Council green-lights workplace electric vehicle charging for city staff


Coun. Cipolla questions type of stations chosen ‘because nobody’s going to wait two hours to charge their car while they’re at city hall’

In an effort to reduce transportation-based greenhouse gas emissions, Orillia’s electric vehicle charging stations will be available for use by city staff.

Council voted in favour of the move at its Monday meeting, which will allow city staff to charge their personal electric vehicles at $2 per hour — the rate set out in Chapter 454 of the city’s municipal code.

City staff recommended expanding the use of the charging stations as it looks to encourage city staff to utilize electric vehicles and create the infrastructure for “the city to transition our corporate fleet to more sustainable options,” said Roger Young, the city’s general manager of environment and infrastructure services.

“The city currently has two EV charging stations at the City Centre and one at the Maintenance Operation Centre, and will be expanding with three additional charging station sites in 2024 – one at the public library, the waterfront centre, and the West Orillia Sports Complex,” he said.

“The intent of the policy is to ensure the appropriate pace of investment, use of charging facilities, as well that the charging services the city provides are fully cost recovered.”

According to the city’s Climate Change Action Plan, the city’s corporate fleet currently makes up 25 per cent of total corporate emissions, and the policy will also help the city meet its goal of reducing its corporate emissions to net-zero below 2018 levels by 2040.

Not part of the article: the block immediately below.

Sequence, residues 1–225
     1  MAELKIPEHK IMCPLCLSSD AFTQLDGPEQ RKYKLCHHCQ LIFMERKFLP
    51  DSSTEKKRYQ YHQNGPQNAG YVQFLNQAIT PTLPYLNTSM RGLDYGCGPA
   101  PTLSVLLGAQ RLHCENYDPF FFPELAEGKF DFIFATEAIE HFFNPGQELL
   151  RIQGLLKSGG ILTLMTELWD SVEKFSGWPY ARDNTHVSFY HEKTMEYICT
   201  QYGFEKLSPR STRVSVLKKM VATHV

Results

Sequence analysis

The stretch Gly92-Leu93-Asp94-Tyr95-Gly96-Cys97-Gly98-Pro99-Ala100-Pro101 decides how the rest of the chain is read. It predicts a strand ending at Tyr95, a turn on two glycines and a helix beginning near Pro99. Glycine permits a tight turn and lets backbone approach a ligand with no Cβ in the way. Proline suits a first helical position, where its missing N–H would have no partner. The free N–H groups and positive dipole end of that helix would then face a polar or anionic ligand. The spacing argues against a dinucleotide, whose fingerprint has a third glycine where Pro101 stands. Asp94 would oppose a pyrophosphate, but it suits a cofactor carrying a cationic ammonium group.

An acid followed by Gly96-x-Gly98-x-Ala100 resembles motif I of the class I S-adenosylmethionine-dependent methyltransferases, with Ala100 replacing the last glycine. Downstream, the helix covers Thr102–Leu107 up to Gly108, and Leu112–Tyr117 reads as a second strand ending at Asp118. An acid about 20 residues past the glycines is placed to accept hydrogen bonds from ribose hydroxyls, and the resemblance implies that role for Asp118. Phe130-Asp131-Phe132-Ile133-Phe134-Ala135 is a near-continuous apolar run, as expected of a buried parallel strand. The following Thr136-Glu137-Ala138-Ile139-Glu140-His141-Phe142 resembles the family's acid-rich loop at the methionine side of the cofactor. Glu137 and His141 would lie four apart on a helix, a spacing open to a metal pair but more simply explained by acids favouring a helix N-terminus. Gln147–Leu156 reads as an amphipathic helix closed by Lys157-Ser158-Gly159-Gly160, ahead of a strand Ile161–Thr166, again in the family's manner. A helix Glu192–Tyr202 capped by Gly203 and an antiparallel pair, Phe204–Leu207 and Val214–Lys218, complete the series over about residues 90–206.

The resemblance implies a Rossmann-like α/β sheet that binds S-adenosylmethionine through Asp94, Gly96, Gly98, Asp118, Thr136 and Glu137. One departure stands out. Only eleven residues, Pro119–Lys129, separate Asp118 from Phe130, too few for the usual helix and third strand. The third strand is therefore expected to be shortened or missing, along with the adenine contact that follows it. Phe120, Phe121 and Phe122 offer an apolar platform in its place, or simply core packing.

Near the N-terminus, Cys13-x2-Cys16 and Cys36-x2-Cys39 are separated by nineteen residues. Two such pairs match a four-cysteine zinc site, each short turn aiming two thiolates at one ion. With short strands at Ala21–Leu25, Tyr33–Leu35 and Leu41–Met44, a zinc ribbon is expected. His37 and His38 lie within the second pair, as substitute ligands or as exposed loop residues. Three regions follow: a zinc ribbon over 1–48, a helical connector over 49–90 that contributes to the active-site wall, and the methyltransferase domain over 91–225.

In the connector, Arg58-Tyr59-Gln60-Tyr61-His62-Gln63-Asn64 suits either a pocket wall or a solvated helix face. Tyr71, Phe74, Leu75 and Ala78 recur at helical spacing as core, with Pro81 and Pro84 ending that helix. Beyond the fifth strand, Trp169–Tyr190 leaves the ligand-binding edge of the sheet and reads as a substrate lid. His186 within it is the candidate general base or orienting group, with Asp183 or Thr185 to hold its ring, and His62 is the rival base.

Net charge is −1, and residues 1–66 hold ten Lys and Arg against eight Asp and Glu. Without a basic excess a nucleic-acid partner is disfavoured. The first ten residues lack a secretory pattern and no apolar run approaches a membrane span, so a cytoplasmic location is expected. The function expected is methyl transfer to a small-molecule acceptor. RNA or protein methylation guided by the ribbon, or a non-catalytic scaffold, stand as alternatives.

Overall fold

At Monday’s meeting, Coun. Ralph Cipolla questioned how long the charging stations will take to charge a vehicle, with Young responding that times will vary between vehicles and types of chargers, but generally take “a few hours.”

“Is there any way we can improve that? Because nobody’s going to wait two hours to charge their car while they’re at city hall or whatever,” Cipolla said. “Why can’t we go to the better one and maybe charge an extra 50 cents or an extra dollar and have it charged in 20 minutes?”

“It’s certainly an option that we can take away and review — we’re currently in the process of applying for grants and developing the specifications for those three stations that we mentioned,” responded Young. 

Coun. Tim Lauer likened electric vehicle infrastructure to a “wild west frontier,” and questioned whether the city could potentially generate revenue “by just putting in as many chargers as we possibly can.”

“There are some constraints to the city operating businesses for profit, and that’s something we would certainly have to explore,” responded Young. “This particular industry and this policy is set up to be cost neutral, so we’re trying to encourage the community and staff to move to a platform that reduces the greenhouse gas emissions.”



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